To simply say the Crown Pavilion is your average steel shelter house with a wood roof structure does no justice to the amazing construction of this Pavilion.
Back sometime around 1900, the Pavilion was built on Orchard Island, located on Indian Lake in Ohio. The Pavilion was originally built for the Chautauqua Indians. The structure was built as a shelter house for them to hold their meetings, conventions, and other gathering events. At one time, the Chautauqua conventions that were held on Orchard Island were known to be the best attended outside of Chautauqua, New York.
Sometime around 1923 the property was purchased by Alexander R. Tarr. He purchased the property as an investment and intended to use the Pavilion as an attraction for the people visiting the lake. The Pavilion was used for outdoor dances and the Bob Royce Orchestra regularly played music at the dances. This Pavilion was quite the place for people in the surrounding area to go and enjoy an evening on Orchard Island. Weddings, parties and entertainment of all sorts took place in the Pavilion. A hotel was also built next to the pavilion in order to give people a place to stay for the night.
In 1927 Alexander Tarr sold the property for $350,000 to an Ohio corporation. Their intention was to make the island a great convention center, similar to when the Chautauqua Indians had it as the spotlight on the lake. The open pavilion was then enclosed with walls in order to accommodate conventions and events all year round. The old wood floor that had always been in the pavilion was re-covered with new wood to accommodate roller skating. The enclosed Pavilion became the premier place to go to roller skate. Roller skating became the main use for the Pavilion. One of the most interesting things about the Pavilion was the neon lights that were installed. Neon lights were installed on the bottom side of each main truss and across the intermediate steel trusses. Once roller skating died out as a recreational sport, the Pavilion was not used for anything else. The property owner did not want to upkeep the buildings or the property.
For decades, the buildings on the property sat rusting and rotting away. The Pavilion was condemned and became the local dumping ground. People would throw their junk inside the building so they would not have to pay to have it hauled to a legal landfill. Sometime around the year 2000, the property was purchased by the James F. Dicke Family. The Dicke family had the hotel knocked down and the property cleaned up. The local people were never so happy to finally see the area being cleaned up.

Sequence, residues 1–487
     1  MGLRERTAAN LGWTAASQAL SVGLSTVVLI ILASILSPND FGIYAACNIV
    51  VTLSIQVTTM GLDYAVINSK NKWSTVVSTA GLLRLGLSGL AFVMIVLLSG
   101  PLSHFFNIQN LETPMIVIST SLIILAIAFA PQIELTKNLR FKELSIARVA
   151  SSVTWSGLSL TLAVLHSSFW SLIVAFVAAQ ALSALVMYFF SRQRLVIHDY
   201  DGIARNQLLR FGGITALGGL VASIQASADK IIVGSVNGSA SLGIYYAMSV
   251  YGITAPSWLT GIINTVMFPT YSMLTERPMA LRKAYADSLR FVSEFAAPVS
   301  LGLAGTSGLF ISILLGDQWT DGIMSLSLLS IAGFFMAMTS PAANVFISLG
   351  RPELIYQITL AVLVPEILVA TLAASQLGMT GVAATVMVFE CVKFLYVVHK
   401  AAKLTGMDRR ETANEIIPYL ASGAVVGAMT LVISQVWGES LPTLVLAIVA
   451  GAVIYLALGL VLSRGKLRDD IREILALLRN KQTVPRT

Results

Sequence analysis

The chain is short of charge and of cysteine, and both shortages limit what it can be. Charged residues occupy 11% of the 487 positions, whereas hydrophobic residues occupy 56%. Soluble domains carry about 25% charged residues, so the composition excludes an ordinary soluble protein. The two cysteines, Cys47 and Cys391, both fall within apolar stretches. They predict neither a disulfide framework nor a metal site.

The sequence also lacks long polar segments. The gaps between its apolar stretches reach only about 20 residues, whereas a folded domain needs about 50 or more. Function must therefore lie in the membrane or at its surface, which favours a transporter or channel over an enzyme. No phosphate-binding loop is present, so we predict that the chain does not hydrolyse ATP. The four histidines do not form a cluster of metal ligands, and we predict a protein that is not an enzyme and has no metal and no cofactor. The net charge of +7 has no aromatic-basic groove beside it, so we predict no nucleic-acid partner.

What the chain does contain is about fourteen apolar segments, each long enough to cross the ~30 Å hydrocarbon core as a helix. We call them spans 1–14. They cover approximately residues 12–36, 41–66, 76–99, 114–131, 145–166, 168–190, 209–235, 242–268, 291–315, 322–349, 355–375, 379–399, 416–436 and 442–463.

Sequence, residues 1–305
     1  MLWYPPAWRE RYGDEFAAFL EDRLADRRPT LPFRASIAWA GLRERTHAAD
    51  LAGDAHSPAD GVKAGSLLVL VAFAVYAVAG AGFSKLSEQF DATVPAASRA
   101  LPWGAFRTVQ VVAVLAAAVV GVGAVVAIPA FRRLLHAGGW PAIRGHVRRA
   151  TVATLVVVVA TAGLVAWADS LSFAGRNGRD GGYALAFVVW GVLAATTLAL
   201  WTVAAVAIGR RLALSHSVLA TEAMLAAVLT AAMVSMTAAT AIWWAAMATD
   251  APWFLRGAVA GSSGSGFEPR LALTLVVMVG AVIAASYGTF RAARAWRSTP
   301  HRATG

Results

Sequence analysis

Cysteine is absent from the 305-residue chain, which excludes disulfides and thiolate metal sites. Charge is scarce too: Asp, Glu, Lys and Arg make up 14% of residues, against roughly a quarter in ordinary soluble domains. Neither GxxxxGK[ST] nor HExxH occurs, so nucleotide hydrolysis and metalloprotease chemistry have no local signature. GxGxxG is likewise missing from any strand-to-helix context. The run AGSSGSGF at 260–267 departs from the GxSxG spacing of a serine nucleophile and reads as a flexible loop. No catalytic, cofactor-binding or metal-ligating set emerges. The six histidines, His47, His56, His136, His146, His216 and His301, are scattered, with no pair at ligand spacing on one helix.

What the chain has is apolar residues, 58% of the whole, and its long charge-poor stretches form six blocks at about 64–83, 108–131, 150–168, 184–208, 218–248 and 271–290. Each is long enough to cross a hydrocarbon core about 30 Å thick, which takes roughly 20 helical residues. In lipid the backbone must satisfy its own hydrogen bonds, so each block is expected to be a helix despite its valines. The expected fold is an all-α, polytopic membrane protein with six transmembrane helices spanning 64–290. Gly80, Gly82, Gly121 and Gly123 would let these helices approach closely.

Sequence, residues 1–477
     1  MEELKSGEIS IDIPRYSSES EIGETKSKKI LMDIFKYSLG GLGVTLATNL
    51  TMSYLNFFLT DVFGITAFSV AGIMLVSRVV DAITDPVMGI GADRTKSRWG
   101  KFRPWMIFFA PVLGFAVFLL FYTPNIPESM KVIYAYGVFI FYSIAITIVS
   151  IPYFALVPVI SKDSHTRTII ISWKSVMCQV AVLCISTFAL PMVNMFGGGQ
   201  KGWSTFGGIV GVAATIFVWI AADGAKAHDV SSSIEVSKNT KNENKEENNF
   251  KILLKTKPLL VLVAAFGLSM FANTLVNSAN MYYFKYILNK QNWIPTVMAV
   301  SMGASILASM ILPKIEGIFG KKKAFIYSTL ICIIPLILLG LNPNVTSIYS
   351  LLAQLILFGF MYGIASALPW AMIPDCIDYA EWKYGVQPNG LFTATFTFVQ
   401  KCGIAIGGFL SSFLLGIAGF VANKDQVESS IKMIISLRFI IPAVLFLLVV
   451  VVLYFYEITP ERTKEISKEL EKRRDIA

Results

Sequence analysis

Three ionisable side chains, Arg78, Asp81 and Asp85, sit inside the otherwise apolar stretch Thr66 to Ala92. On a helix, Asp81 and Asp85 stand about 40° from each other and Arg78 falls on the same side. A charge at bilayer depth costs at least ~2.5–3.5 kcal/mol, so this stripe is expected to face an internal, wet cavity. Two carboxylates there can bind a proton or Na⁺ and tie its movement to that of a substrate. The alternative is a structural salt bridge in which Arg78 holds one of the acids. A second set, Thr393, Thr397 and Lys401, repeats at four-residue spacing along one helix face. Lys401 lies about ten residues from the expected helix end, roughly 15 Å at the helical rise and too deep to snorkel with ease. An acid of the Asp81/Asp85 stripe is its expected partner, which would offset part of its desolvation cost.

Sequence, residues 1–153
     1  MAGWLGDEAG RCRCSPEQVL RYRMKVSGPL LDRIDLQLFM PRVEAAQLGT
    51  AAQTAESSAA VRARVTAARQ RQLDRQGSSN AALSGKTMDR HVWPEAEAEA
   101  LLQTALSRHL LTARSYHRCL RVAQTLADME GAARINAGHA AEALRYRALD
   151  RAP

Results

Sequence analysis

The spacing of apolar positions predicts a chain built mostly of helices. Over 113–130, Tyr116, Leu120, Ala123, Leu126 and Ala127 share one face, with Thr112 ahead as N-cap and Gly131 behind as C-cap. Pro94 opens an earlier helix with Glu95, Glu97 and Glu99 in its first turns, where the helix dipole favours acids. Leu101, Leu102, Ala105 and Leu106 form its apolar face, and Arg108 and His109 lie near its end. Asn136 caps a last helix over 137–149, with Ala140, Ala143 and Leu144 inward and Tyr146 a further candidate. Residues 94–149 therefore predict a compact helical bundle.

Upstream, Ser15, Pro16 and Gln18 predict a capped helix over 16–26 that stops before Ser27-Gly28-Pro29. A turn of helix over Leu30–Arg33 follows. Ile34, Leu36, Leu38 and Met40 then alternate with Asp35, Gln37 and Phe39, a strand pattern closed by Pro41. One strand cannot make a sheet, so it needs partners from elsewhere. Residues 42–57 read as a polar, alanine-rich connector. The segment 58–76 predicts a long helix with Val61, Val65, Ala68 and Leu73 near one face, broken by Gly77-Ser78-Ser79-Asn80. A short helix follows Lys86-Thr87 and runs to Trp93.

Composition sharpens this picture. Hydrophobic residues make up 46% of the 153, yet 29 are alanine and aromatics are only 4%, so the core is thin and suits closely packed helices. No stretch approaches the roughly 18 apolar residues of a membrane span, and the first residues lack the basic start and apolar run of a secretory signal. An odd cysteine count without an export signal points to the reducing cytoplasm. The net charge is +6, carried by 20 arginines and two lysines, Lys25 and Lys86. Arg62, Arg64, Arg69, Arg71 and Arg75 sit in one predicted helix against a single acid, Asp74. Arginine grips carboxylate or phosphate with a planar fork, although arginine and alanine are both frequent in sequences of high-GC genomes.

Preliminary costs were put together on the project in June of 2002, and by July of 2003 the project was a go.
The steel structure was brought in and erected 30 miles away in New Bremen just as it was on Orchard Island. Each piece of steel was located back to its original spot. Two things were in dire need of change when it came to the steel. A main center column had major rust and freezing damage. This column, like most of the structure, was assembled using hot rivets. We figured having this center column repaired would be no problem. However, we found that hot rivets are rarely used now; in addition, in this area there was no one that even used hot rivets. We finally were able to find some hot rivets and reassemble the repaired part of the column. The other obstacle we had was regarding any bolted connections. All the existing bolts had deteriorated and needed to be replaced. Finding the same nuts and bolts that were used before was not easy, but they were found, and erection of the steel began. It took about two weeks to erect the steel back to its original shape.
A 30-year dimensional shingle was installed, along with aluminum fascia and drip edge. The original Pavilion had windows around the upper portion of the roof structure. New aluminum windows and tinted glass were installed to eliminate any maintenance issues. Electric was installed in the Pavilion in order to illuminate the floor area and to light up the upper roof area. Electrical outlets were also installed in each of the concrete cone piers. The final touch on the project was the custom weather vane that was installed at the highest point of the roof. The weather vane was installed for two reasons, namely, decoration and lightning protection. The custom weather vane is a total of 5’-6” tall. An 18 inch tall copper cone was installed at the bottom of the vane. An eight inch ball, directional letters, another four inch ball and a wind direction arrow all make up 4’-8” of the vane. The remaining 10 inches is made up of a copper cardinal head. This head was jetted out of ½” solid copper and weighs approximately 13 pounds. This cardinal head is a symbol of the local school mascot.
This project is very special. It’s not every day you get to take a piece of history like this and make it into something very special and useful, useful enough the entire community gets to use the over 100 year-old structure. The structure is an epicenter of entertainment and gatherings of family and friends in New Bremen, Ohio.
All and all, we feel very honored that we were selected as the contractor to complete this work for the Dicke Family and for the Village of New Bremen.
H.A. Dorsten was presented an Award of Merit from the Ohio Valley Associated Builders and Contractors for their performance on this project.